Clean Water News & Stories

Septic or Sewer? Keeping the Watershed Free of Sewage

Public Health
When you flush your toilet, everything in the bowl should (hopefully) be sent away from your bathroom and your home. For many people in Washington County, those contents head to a water resource recovery facility operated by Clean Water Services. For others, it is held in a septic tank.

Public Works: Connecting Communities Worldwide 

How often do you consider where water (and everything you flush along with it) goes after you “go,” or where it flows when it falls as rain, melts as snow, or runs down your driveway from a hose?
Workers fill a trench in the street where pipe work was completed. A piece of heavy machinery, houses, and cars are in the background.

Practical, Proactive, People-Centered: Our Blessedly Boring Budget 

Drama and excitement can be fun, but not when it comes to budget and rates planning. You want to know the folks tasked with tackling our region’s long-term water challenges are being as clear-eyed and careful with your hard-earned rate dollars as they are when protecting public health and the environment.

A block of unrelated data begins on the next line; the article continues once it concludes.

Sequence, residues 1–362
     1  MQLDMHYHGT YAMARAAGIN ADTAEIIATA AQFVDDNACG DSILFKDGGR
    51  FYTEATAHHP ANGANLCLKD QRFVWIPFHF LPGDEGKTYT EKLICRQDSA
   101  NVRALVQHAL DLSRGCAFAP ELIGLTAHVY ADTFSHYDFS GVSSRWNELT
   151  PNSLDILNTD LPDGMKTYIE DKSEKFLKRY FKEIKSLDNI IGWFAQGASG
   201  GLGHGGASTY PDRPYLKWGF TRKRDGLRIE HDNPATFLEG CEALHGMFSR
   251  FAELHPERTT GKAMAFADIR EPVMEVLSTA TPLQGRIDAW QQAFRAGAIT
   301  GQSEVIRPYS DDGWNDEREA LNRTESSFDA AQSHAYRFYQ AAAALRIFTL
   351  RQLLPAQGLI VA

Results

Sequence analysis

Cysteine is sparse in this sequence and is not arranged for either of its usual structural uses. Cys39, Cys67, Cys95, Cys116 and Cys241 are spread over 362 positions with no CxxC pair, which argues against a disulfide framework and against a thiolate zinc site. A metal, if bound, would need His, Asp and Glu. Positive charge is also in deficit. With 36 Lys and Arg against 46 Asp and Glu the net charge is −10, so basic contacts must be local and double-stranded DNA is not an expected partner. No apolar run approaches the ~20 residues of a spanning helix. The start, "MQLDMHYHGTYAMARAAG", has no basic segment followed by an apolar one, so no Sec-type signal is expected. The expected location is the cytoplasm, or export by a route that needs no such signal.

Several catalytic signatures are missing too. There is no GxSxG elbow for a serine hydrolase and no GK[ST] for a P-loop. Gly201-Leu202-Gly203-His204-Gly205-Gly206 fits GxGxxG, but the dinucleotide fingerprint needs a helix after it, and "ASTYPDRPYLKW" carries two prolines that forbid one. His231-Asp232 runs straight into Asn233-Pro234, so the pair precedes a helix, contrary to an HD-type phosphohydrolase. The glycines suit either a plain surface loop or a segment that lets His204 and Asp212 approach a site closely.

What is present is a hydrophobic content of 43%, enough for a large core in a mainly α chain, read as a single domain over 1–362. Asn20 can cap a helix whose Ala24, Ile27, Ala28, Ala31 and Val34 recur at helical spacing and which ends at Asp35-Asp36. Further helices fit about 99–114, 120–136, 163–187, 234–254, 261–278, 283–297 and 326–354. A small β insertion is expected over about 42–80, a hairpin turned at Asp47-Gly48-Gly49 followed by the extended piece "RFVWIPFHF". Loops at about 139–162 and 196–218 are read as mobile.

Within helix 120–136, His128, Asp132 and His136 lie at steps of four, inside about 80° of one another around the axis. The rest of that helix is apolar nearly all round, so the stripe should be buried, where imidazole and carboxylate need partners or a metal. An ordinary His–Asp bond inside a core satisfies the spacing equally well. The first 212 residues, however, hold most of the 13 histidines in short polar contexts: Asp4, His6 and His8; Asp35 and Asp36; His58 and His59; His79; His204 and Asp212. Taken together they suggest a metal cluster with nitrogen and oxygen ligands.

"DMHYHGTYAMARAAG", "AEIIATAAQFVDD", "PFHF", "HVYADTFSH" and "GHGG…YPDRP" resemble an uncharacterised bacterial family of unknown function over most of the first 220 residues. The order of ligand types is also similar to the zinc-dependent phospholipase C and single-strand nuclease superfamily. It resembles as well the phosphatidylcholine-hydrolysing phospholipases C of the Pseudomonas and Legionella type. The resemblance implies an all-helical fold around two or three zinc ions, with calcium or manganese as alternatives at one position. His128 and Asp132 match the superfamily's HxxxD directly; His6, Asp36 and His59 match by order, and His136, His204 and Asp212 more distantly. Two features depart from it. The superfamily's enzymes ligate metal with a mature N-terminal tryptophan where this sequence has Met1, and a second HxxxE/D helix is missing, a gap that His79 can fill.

An Aerial view of Butternut Creek, a tributary to the Tualatin River, with heavy vegetation along the banks of the creek and houses backing up to the water.

Rain to Drain to River

Your actions, no matter how small, can impact the life cycle of the salmon, and the overall health of the watershed.
Rainfall on suburban rooftops.

Give Thanks for Your Toilet

Have you thought about what it would be like to live without toilets? According to the WHO and CDC, about 3.6 billion people don’t have access to safely managed sanitation in their home. Inadequate sanitation systems spread human waste into rivers, lakes, and soil — contaminating the water resources under our feet.
A white toilet against a blue tile wall.